>>> something like this:
>>>   ~ScopedLogMessage() { flush(); }
>>>   // in LogMessageBuffer:
>>>   void flush() {
>>>     if (_line_count > 0) {
>>>       _log.write(*this);
>>>       reset();
>>>     }
>>>   }
>>>   void reset() {
>>>      _line_count = 0;
>>>      _message_buffer_size = 0;
>>>   }
>>> It will be rare for user code to want to either flush early or cancel
>>> pending output, but when you need it, it should be there.
>> Fixed.
>>> I still prefer the first patch though, where messages are neither tied
>>>> to a particular log, nor automatically written when they go out of scope.
>>>> Like I've said, the explicit write line makes it easier to read the code.
>>> There's a tradeoff here:  It's easier to read the *logging* code if all
>>> the *logging* operations are explicit.  But the point of logging code is to
>>> add logging to code that is busy doing *other* operations besides logging.
>>> That's why (I assume) people have been noting that some uses of logging are
>>> "intrusive":  The logging logic calls too much attention to itself, and
>>> with attention being a limited resource, it takes away attention from the
>>> actual algorithm that's being logged about.
>>> The scoped (RAII) log buffer, with automatic write, is the best way I
>>> know to reduce the intrusiveness of this auxiliary mechanism.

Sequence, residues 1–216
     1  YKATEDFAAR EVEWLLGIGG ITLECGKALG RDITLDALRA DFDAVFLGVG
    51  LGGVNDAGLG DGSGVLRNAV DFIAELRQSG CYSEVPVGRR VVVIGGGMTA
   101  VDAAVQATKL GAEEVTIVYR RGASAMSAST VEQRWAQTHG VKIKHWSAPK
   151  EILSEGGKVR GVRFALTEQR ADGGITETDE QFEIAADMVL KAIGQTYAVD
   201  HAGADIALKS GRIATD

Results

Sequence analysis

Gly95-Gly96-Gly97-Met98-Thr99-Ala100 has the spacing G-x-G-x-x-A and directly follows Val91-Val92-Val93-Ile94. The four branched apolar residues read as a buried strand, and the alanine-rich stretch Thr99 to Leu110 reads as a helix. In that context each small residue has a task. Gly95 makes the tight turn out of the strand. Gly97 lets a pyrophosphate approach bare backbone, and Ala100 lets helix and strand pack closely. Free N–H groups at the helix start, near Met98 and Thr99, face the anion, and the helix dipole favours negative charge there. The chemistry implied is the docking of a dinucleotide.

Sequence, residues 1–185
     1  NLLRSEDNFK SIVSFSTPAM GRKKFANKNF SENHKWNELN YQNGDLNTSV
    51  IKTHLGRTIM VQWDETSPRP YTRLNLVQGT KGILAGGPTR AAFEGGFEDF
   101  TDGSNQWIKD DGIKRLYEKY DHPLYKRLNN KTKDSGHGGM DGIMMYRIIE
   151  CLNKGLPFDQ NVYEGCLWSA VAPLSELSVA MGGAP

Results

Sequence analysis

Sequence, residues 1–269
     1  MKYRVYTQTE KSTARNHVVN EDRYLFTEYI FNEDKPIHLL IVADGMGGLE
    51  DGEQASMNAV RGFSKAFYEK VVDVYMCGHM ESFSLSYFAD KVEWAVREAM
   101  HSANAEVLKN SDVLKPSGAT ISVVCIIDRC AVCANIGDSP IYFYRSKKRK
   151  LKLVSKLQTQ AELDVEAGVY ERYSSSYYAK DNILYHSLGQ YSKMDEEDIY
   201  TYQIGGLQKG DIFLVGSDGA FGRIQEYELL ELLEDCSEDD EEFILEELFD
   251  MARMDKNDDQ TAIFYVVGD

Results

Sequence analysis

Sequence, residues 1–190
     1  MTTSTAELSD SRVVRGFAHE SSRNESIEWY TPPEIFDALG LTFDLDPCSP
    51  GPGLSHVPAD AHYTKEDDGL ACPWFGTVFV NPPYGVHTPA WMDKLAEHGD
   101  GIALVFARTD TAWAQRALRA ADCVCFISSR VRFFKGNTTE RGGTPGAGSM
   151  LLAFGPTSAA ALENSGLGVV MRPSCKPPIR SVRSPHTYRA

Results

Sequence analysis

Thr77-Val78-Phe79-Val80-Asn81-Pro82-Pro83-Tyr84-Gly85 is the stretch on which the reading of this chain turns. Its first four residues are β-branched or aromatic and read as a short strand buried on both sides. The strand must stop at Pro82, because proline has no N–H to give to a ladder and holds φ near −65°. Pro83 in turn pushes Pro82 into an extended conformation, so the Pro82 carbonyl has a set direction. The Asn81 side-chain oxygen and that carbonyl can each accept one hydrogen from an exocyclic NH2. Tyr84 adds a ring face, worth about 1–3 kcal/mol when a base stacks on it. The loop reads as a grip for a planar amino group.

>> Fair point. I'm going with the automatic write on out of scope.
>>> Of course, I'm interested in finding out what your everyday customers
>>> think about it.  (Rachel, Coleen, David, Dan?)
>>> For comparison I've updated the first suggestion with the guarantee for
>>>> unwritten messages, as well as cleaning it up a bit by moving the
>>>> implementation to the .cpp rather than the .hpp.
>>>> Full webrev:http://cr.openjdk.java.net/~mlarsson/8145934/webrev.01/ <
>>>> http://cr.openjdk.java.net/%7Emlarsson/8145934/webrev.01/>
>>>> Incremental:http://cr.openjdk.java.net/~mlarsson/8145934/webrev.00-01/
>>>> <http://cr.openjdk.java.net/%7Emlarsson/8145934/webrev.00-01/>
>>>> Let me know what you think.
>>> That option is more intrusive than the RAII buffered log alias.
>>> Separately, the review thread on JDK-8149383 shows a use for
>>> LogMessageBuffer to collect a complex log message.  The log message can
>>> then be sent down one of two log streams.  Something like:
>>>   if (need_to_log) {
>>>     ResourceMark rm;
>>>     LogMessageBuffer buf;
>>>     buf.write("Revoking bias of object " INTPTR_FORMAT " , mark "
>>>                             INTPTR_FORMAT " , type %s , prototype header
>>>                             " , allow rebias %d , requesting thread "
>>>                             p2i((void *)obj),
>>>                             (intptr_t) mark,
>>> obj->klass()->external_name(),
>>>                             (intptr_t) obj->klass()->prototype_header(),
>>>                             (allow_rebias ? 1 : 0),
>>>                             (intptr_t) requesting_thread);
>>>     if (!is_bulk)
>>>       log_info(biasedlocking).write(buf);
>>>     else
>>>       log_trace(biasedlocking).write(buf);
>>>   }
>>> It is important here (like you pointed out) that the LogMessageBuffer is
>>> decoupled from log levels and streams, so that it can be used as a flexible
>>> component of logic like this.
>>> But the commonest usage should (IMO) be supported by a scoped
>>> auto-writing log alias.
>> Yeah, I agree.
>> Thanks,
>> Marcus